By Melanie Nathan, August 05, 2014.
One can expect that if a Parliament fails to follow basic protocol and procedure and passionate local and International law experts get together using activists as Plaintiff’s, it is unlikely that the law will withstand the test of Constitutionality. That is what happened in the case of the Ugandan Anti-Homosexuality Act last week.
Not to mention what may well have been an orchestrated political ploy to hear the case early, in a quest by perhaps keen Justices to push the hearing forward, to coincide with President Museveni’s trip to the U.S.A.
Here is the official ruling – and while activists celebrated the ruling as an expected victory, Parliamentarians vowed in overwhelming numbers to reintroduce the law that provides harsh penalties for gays and lesbians, beyond the existing penal code that is still on the books criminalizing homosexuality.
The Court left open the questions of the merits and those arguments were not adjudicated upon, leaving room for the reintroduction of an identical law into Parliament.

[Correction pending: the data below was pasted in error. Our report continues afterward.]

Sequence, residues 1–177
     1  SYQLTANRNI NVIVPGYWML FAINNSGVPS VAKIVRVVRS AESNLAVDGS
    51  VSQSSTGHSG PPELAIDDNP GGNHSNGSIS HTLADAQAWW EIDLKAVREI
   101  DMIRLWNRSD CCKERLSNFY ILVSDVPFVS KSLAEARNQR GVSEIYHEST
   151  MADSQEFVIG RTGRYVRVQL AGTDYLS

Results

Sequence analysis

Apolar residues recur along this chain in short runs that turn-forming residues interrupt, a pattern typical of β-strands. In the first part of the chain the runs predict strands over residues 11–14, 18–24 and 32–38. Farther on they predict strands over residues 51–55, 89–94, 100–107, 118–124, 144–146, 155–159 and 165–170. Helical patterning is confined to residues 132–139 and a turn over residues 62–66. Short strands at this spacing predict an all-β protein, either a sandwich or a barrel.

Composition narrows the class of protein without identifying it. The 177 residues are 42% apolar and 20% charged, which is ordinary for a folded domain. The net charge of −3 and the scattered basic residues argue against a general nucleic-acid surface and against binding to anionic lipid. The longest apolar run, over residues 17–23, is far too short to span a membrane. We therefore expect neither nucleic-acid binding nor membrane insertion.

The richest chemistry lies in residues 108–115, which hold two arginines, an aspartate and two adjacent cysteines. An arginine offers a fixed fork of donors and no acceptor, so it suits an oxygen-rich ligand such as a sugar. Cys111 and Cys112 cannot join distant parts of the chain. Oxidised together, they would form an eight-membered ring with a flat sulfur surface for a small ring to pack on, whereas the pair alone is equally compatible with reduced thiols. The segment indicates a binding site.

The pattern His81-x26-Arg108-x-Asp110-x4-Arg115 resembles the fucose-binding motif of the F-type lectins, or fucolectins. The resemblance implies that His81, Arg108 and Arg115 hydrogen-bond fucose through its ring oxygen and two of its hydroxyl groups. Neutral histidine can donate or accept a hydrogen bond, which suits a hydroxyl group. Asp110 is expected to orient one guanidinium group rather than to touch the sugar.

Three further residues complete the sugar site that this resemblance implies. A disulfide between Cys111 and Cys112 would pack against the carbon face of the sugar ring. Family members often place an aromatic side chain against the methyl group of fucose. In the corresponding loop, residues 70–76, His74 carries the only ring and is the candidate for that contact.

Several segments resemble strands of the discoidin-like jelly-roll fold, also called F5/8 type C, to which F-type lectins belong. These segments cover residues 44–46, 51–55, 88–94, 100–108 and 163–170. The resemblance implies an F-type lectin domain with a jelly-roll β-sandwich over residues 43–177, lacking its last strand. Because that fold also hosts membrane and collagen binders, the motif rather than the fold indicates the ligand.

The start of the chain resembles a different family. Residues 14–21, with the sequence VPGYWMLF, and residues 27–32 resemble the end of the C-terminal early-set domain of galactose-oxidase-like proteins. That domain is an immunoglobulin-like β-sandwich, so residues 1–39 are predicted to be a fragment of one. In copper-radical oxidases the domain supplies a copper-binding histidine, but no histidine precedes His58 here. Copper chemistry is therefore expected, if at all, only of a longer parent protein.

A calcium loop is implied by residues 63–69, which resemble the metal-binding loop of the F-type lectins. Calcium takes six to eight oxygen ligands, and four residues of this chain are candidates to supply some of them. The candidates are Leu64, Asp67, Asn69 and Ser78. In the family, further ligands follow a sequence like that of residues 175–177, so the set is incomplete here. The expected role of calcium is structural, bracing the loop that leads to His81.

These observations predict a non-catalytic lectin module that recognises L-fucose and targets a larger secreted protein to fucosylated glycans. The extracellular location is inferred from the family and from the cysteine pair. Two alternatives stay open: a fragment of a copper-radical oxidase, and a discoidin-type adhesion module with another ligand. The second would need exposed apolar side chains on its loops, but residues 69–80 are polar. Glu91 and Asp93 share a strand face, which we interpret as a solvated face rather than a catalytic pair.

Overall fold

By ruling on the technicality in Parliament, as can be seen from this official judgment, the human rights issues were never adjudicated upon, and like I mentioned on the very day of the ruling, neither the LGBT community nor the anti-gay forces could claim a moral high ground in this ruling, with huge anti-gay sentiment helming the future of where this may lead.
And so the door is open for a re-match – at great cost – again.
READ THE RULING:
Uganda Constitutional Court Ruling on the Anti Homosexuality Act Copy by oblog